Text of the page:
This may sound like a funny question, and you’d be right to think “of course they do, why else would they be sold?” But not all probiotic species are recognized by your gut. In order for a probiotic to provide a health benefit, it has to be able to bind and “find a home” inside your gut. So a probiotic should be a a normal resident of your own personal GI flora.
If a probiotic species is not a part of your own unique flora, it won’t be able to compete against the resident gut microbes and colonize and reseed the gut. If the probiotic has no place to live, it will simply pass out of your body, making it an expensive yet worthless supplement.
The Probiotic Yogurt LieMany foods claim to be healthy because they contain probiotics, especially yogurt. But yogurt is low in probiotic content and most brands are loaded with sugar, which promotes the growth of unhealthy microbes and weakens your immune system.
The majority of Lactobacillus probiotics found in yogurts and supplements do not survive the hot, acidic stomach barrier.
Did you know the heating and pasteurizing process is performed after the growth of probiotics in yogurt? This kills most of the probiotics that were in the yogurt. On top of that, many common probiotic strains were taken from cows to ferment yogurt and cheese, and they are often not resident flora in the human gut. And dairy products are not well tolerated by most people with C. difficile.
Ultimately, yogurt and many common probiotic supplements are a poor choice and unlikely to provide any health benefits.
The Origins of True ProbioticsTrue probiotics are different than the common reseeding probiotics. Your ancestors got all the probiotic organisms they needed by living close with nature. They were exposed to different kinds of probiotics through hunting, growing their own food, eating whole foods and living off the land. The food they ate was rich in probiotics and nutrients because insecticides, herbicides and GMO crops that kill soil microbes and reduce nutrition were not in use.
But today most people have become separated from the land. Most foods are pasteurized, cooked or sterilized, effectively killing any probiotics they may have contained. Few people consume raw, unprocessed, naturally fermented probiotic foods. And people are constantly exposed to toxic environmental chemicals, stress and drugs that strain the microbiome and weaken the immune system.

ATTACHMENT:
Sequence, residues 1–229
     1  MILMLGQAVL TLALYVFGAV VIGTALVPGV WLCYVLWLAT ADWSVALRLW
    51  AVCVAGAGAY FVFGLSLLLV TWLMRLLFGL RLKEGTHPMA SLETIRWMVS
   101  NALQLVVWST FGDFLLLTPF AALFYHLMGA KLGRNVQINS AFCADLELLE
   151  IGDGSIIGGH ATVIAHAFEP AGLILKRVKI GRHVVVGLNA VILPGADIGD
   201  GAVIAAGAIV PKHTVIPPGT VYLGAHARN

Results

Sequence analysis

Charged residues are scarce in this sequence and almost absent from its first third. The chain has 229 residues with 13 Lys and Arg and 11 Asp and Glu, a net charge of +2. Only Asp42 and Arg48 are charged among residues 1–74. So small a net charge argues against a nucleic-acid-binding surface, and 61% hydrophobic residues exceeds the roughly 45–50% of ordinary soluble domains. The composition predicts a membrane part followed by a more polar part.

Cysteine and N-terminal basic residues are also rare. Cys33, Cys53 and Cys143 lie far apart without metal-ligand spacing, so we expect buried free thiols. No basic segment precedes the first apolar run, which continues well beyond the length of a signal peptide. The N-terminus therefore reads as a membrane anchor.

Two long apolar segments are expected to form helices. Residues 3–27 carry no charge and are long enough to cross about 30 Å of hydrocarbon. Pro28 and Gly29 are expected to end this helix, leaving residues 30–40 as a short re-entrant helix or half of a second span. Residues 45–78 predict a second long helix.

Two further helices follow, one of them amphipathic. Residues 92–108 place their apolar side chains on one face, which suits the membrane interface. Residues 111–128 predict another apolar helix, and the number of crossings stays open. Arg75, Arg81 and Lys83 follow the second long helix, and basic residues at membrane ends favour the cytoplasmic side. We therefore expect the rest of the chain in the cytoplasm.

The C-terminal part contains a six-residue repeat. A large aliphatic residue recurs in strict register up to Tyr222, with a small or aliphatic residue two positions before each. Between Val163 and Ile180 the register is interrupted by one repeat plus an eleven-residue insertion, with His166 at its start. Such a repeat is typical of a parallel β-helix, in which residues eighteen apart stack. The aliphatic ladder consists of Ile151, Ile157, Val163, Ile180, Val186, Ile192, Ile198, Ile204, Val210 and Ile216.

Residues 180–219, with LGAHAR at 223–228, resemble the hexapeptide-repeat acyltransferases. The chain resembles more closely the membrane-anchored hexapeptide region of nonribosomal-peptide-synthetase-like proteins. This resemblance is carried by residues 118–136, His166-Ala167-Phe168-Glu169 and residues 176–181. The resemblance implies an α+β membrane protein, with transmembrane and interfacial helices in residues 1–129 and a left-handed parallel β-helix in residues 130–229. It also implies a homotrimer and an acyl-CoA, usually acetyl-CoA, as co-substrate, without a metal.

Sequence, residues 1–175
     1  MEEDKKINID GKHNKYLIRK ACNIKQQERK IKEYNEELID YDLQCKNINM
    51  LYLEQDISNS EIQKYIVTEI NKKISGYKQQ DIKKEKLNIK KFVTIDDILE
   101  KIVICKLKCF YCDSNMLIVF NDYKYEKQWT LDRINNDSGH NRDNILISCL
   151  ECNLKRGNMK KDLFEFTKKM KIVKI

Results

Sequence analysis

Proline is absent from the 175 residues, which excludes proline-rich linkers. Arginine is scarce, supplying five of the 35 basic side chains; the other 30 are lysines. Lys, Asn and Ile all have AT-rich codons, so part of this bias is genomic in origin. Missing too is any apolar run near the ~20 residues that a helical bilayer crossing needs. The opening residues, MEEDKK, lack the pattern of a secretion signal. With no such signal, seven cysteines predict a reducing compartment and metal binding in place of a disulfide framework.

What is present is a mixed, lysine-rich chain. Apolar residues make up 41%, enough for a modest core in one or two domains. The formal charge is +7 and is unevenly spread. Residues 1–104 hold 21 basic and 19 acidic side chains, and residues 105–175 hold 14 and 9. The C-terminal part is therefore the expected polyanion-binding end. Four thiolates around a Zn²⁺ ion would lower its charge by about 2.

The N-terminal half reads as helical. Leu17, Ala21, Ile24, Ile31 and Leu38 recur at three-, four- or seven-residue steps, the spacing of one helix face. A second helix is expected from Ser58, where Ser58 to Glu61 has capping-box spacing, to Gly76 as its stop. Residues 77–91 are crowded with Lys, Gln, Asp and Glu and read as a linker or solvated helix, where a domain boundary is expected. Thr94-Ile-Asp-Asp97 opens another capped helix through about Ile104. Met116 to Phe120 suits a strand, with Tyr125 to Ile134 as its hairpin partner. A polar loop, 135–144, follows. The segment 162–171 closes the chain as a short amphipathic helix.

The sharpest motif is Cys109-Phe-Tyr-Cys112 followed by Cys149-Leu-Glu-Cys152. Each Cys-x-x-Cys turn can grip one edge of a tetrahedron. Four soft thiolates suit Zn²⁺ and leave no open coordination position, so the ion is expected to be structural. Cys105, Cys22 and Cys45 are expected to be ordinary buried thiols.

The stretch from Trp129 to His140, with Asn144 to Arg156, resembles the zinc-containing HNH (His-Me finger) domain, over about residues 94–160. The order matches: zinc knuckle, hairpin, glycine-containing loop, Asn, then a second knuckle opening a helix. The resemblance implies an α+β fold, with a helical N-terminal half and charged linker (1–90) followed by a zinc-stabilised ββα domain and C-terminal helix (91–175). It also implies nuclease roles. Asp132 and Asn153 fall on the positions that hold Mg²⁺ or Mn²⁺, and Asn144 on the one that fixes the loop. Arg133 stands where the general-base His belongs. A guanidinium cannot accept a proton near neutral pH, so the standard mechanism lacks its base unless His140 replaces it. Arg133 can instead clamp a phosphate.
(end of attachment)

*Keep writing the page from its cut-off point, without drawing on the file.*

Choosing the Best Probiotic for C. diff
Spore-forming, true probiotics are my favorite choice, and they don’t have the limitations listed above. True probiotics can live both in oxygen or without it, making storage and shipping easy. True probiotics are part of every person’s unique microbiome and they survive the stomach at 100% potency3.
One of my favorites is the spore-forming Bacillus species, and they also combat C. difficile and other gut pathogens.
- Guidelines for the Evaluation of Probiotics in Food http://www.who.int/foodsafety/fs_management/en/probiotic_guidelines.pdf
- The Food Standards Agency conducted a study in conjunction with Reading University (Dr. G.R.Gibson, Dr. G. Rouzaud, Dr. J. Brostoff and Dr. N. Rayment) in the United Kingdom to evaluate the probiotic effect of commercial products in the human gut, and whether there was any impact on gut flora. The study evaluated the survivability of common probiotics through the gut, examining 35 strains from commercial products, primarily Lactobacillus sp. and Bifidobacterium sp.
- Commissioned gastric model study by Silliker Food Science Center – Crete, IL
Image credits: Bacteria combo graphic ©CDC and ©Les Moore, Human tree ©freshidea/Fotolia, Supplement bottles ©Elenathewise/Fotolia, children © raw foods ©Fotolia.com/peangdao, capsules ©Fotolia.com/Dmitry Lobanov, illustrations ©Lester Moore